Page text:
100 days of running

A neighbour had started a “100 runs in 100 days” project and told me about it the following day. This was on 1st January 2016. I liked the idea. Could I run at least 30 minutes, every day, for 100 days. I found some group rules online but I decided to make a version of my own. The main difference being that I wanted to run every day. So I took these original rules:

  • You must run a minimum of 30 minutes.  Any shorter and you won’t get the cardio benefits.  Longer is your call.
  • 100 days starts when you say it starts.  But once you start you run regardless rain, sleet, snow or global thermo nuclear war!  You can also use a treadmill or a treadmill in a bomb shelter, 30 minutes running is 30 minutes running!
  • You can run twice in the same day and count it as two days!  The runs just need to separated by more than 6 hours.
  • This isn’t a race!

and I  made my own:

  1. Run a minimum 30 minutes every day for 100 consecutive days.
  2. Run as long and as often as I want but at the end I will have run every single day for 100 days.
  3. Don’t give up!

The main difference between the two sets of rules is that in the first set it would be ok to do two runs on Monday, take a rest day on Tuesday, and back to running on Wednesday. However, If I was going to do this, I wanted to try to run every single day. I wanted to really test my willpower, even on those windy, wet, sub-zero temperature days. And it did actually drop to -17 in January 🙂

I have read several books and articles on boosting willpower, changing habits, creating new habits. But that was just theory, how would this work in real life?

Here is the science that was supposed to happen:

  • If you do a repetitive action for 21 days you begin to form a habit.  Chances are that if you can go for 21 days you will continue for a short period of time if you suddenly had to cease briefly.

  • At 40-48 days you are successfully forming if you haven’t already formed a habit.  Chances of ceasing are limited.  You are making the activity part of your daily life.

  • At 90 days you have for lack of a better explanation, re-wired your brain to accept the activity and it has become part of your daily routine.  Like showering and brushing your teeth.  Even if you miss a day you will pick up the next day where you left off.

Here is what actually happened:

  • Days 01-20: Why did I start this project?! I’ll never last a hundred days! I ran a half-marathon in Tromsø which was icy and cold. My legs started complaining and trying to show me pain. I wasn’t listening to the pain.
  • Days 20-40: A lot of late night runs around 10pm and 11pm. Really had to keep pushing myself to not miss a day. Had to do a few lunch time runs when Margrete was traveling with work and then I was alone with kids at night. In this period, I kept running but I did not feel like a runner. Started running up to average of 7k per day.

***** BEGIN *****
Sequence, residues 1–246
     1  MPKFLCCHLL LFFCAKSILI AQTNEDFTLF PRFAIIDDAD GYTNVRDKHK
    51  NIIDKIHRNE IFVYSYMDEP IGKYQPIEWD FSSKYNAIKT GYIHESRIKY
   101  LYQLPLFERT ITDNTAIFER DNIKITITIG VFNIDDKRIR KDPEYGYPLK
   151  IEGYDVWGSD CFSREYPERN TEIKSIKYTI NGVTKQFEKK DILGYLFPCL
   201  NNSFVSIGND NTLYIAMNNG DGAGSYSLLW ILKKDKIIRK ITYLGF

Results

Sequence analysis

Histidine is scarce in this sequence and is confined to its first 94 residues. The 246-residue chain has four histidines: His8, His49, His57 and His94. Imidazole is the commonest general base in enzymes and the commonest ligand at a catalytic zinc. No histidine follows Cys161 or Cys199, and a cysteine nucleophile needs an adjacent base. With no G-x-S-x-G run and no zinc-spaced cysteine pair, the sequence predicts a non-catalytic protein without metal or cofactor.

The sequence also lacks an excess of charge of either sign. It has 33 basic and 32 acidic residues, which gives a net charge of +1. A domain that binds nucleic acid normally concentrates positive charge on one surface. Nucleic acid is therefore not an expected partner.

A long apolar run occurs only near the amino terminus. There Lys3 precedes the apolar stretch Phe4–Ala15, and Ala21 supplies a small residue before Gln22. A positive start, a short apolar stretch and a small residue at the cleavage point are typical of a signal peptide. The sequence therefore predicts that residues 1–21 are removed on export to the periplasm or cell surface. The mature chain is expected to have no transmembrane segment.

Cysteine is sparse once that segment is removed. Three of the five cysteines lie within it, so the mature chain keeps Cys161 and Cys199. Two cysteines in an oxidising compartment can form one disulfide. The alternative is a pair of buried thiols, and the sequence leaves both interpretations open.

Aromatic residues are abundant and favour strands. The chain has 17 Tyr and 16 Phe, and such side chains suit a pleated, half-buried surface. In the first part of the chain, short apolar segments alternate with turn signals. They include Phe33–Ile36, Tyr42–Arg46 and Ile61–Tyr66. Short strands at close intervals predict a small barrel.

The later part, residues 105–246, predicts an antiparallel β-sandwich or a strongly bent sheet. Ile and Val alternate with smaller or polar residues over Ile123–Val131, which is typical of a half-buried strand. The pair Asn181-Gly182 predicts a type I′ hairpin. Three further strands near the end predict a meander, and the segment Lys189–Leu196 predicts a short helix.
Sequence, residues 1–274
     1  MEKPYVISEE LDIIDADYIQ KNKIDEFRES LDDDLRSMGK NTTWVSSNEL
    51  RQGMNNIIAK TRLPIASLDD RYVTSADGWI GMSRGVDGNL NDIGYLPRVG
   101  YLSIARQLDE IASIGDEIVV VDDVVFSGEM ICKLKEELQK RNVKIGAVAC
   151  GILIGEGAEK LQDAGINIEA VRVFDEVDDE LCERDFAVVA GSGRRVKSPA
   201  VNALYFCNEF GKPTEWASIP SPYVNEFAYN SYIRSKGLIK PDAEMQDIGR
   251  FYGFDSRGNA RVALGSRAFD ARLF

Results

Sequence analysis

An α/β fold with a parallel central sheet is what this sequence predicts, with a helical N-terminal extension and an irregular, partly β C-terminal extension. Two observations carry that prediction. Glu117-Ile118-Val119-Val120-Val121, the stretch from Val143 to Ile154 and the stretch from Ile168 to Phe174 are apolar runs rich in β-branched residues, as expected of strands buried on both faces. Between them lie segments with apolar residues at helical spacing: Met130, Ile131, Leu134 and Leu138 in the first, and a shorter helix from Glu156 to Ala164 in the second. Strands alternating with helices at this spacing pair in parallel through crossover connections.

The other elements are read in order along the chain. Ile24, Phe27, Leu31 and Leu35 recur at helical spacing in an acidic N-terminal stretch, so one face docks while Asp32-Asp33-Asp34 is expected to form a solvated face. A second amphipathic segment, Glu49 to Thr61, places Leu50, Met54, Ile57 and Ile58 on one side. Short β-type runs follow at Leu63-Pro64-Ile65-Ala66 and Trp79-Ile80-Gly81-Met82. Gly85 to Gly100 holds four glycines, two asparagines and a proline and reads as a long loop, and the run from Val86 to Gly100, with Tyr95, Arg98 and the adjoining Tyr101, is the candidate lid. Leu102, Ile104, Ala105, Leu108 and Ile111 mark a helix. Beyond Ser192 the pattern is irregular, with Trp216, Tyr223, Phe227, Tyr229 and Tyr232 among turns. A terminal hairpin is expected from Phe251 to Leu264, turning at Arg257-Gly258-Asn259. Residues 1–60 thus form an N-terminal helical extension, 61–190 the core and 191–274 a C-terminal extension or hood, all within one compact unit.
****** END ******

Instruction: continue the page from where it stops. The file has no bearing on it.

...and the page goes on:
• Days 40-60: Had 7 days running in Gran Canaria which helped a lot. It was nice to run in plus degrees, t-shirt and shorts. Came back to Oslo and it was around -5 degrees and dark but that was ok. Once I passed the 55 day mark a strange thing started happening mentally. I have done lots of awareness and mindfulness training before but now i was experiencing the same effects while running. My head was becoming much calmer while running, fewer thoughts. Usually when I ran I was organising thoughts and things to do when I got back home.  Now I was up to average of 9km per day. This resulted in a total of 321km in February as I had several days with several runs, one in morning and one at night.
  • Days 60-80: The effects just keep getting better in this period. I can run in the forest for several kilometres with an empty mind. Aware of every step. Peaceful yet faster running. I’m now at an average 10km per day. I decided to start another 100 days of… wakening Margrete every morning with coffee in bed. She likes it and it is simple payback for helping me find time to run too.
  • Days 80-100: I had a half-marathon planned for day 99 so in the 2 weeks leading up to that I still ran every day but short slow runs, about 6km daily. I also had a cold which affected my breathing a little so I had no idea what to expect in the half-marathon. I wanted to try for under 1:30 for the first time and see how long I could keep up the required pace of 4:15 per kilometer.
    Race: The first km was crazy fast with a pace at 3:50 per km. I had to settle quickly but soon found out that I was running at an alright tempo and was already 50 seconds ahead of goal. I was checking my watch every km to make sure I was staying on pace and kept this up until around 17km. Then I started to feel the heaviness in my legs. I thought I was gonna faint. Told myself this was only my brain playing around and I could manage a lot more before fainting. I knew I was close to achieving under 1:30 so I decided to push on. The last 3 kms were mostly mental strength as I couldn’t feel my legs much 🙂